Floating point solves this problem. It’s not 100 percent accurate, like packed decimal, but, on the other hand, it copes quite well with numbers of a wide range of magnitudes.

### Dealing with Floating Point

In day-to-day business data processing, there’s almost no chance to use floating- point variables, so I’ll assume you know little or nothing about them. This section will explain the basics you need to know without delving into the internal-bit representation of such variables.

Floating-point variables consist of two numbers: a mantissa and an exponent. The mantissa is a number with one digit to the left of the decimal point and a string of digits to the right. A number such as p (pi), which is approximately 3.14159265358979, is a good example of what the mantissa of a floating-point variable looks like. The exponent is a whole number that indicates to which power of 10 one must multiply the mantissa in order to get the value of the floating-point number. The two pieces of the floating-point number are separated by the letter E, which stands for “exponent.” Here’s an example:

`1.77607 E 3 = 1.77607 x 103 = 1.77607 x 1,000 = 1,776.07`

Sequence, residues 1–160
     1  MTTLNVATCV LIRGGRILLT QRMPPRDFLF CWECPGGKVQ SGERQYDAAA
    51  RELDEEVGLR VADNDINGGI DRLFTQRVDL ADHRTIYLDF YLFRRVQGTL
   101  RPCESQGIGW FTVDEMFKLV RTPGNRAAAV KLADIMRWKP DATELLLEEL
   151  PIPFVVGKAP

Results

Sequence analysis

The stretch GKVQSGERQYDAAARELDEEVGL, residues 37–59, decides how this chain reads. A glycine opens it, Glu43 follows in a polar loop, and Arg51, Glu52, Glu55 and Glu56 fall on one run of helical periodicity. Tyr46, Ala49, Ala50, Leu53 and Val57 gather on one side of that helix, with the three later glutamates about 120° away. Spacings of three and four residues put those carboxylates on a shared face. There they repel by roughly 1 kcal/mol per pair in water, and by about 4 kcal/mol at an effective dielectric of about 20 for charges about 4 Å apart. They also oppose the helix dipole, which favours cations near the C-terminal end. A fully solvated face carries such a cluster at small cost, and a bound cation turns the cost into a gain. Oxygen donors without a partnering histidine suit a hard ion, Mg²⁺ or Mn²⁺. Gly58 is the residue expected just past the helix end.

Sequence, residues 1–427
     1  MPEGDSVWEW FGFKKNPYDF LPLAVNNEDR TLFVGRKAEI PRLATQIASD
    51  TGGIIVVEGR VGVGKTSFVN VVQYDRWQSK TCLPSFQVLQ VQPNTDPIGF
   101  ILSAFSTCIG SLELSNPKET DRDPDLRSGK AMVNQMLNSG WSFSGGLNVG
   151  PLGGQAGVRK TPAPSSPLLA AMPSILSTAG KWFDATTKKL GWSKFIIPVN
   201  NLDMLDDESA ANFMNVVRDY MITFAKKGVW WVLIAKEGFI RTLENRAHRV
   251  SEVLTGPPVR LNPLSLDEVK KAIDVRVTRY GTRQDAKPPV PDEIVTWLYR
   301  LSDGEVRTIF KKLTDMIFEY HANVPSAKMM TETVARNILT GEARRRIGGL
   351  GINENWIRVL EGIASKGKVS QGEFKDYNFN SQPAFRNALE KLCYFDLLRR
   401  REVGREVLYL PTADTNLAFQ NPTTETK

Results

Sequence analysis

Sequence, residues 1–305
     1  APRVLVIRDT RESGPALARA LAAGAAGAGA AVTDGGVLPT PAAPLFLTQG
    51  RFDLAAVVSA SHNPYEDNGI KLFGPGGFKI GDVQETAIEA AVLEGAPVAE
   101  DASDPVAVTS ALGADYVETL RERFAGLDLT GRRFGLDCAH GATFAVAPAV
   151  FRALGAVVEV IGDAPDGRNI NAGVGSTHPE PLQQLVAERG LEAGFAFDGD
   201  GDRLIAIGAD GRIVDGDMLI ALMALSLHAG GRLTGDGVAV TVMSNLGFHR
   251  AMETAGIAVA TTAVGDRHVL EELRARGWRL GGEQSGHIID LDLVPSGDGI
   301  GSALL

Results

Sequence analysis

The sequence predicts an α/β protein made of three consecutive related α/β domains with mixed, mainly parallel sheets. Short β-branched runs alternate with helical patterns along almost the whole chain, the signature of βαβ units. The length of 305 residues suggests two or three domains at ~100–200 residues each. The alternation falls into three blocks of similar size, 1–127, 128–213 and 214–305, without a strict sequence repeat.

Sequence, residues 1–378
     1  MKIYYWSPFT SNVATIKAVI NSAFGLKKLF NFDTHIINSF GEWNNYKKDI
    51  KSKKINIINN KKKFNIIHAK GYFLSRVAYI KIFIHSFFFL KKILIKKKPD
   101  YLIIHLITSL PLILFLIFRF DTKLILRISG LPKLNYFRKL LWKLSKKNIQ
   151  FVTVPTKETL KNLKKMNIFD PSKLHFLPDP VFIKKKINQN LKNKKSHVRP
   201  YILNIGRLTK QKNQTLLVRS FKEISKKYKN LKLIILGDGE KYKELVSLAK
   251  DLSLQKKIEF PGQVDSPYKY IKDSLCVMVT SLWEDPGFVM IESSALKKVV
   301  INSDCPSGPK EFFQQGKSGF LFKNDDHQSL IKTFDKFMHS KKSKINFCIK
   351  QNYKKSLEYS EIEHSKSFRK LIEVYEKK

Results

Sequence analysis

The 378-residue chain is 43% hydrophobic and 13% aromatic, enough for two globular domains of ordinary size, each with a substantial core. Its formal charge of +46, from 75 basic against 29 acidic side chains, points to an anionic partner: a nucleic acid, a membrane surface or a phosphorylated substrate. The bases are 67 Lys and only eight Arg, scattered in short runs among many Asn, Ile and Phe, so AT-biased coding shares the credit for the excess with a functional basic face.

Both the mantissa and the exponent can be negative. If the mantissa is negative, the entire floating-point number is negative. If the exponent is negative, you get to divide by a power of 10 instead of multiplying. For example:

`2.5 E-6 = 2.5 `÷` 106 = 2.5 `÷` 1,000,000 = 0.0000025`

However, floating point has two disadvantages: It is somewhat slower than packed decimal (especially on CISC machines), and it is not as accurate. If you divide 1 by 10 using packed-decimal variables, you get a precise answer, 0.1. You can then multiply this answer by 10 and get back your original number, 1. If you perform this sort of thing using floating point, you won’t get the original number in most cases. Maybe you’ll get
1.00000000001, or maybe you’ll get 0.999999999. This inexactitude brings back memories of the early Pentium chips, except that the bug in those chips delivered errors several orders of magnitude greater than AS/400 floating point does. Also, you should know that floating point’s inaccuracy is inherent, not the result of any design flaws on the AS/400 or its programming languages. If you perform the same operations on other machines, you are likely to get slightly inaccurate results there, too.

You can declare floating-point variables in your RPG IV programs using the D- specs and a data type of F. The length of the variable must be either 4 or 8 (4 for single precision, 8 for double precision). The number of decimals must be left blank since it has no meaning. In this article, I’m using double-precision floating-point variables throughout. Double-precision variables have a wider range of valid values and deliver more accurate answers. You can also declare floating-point fields in the DDS of a file.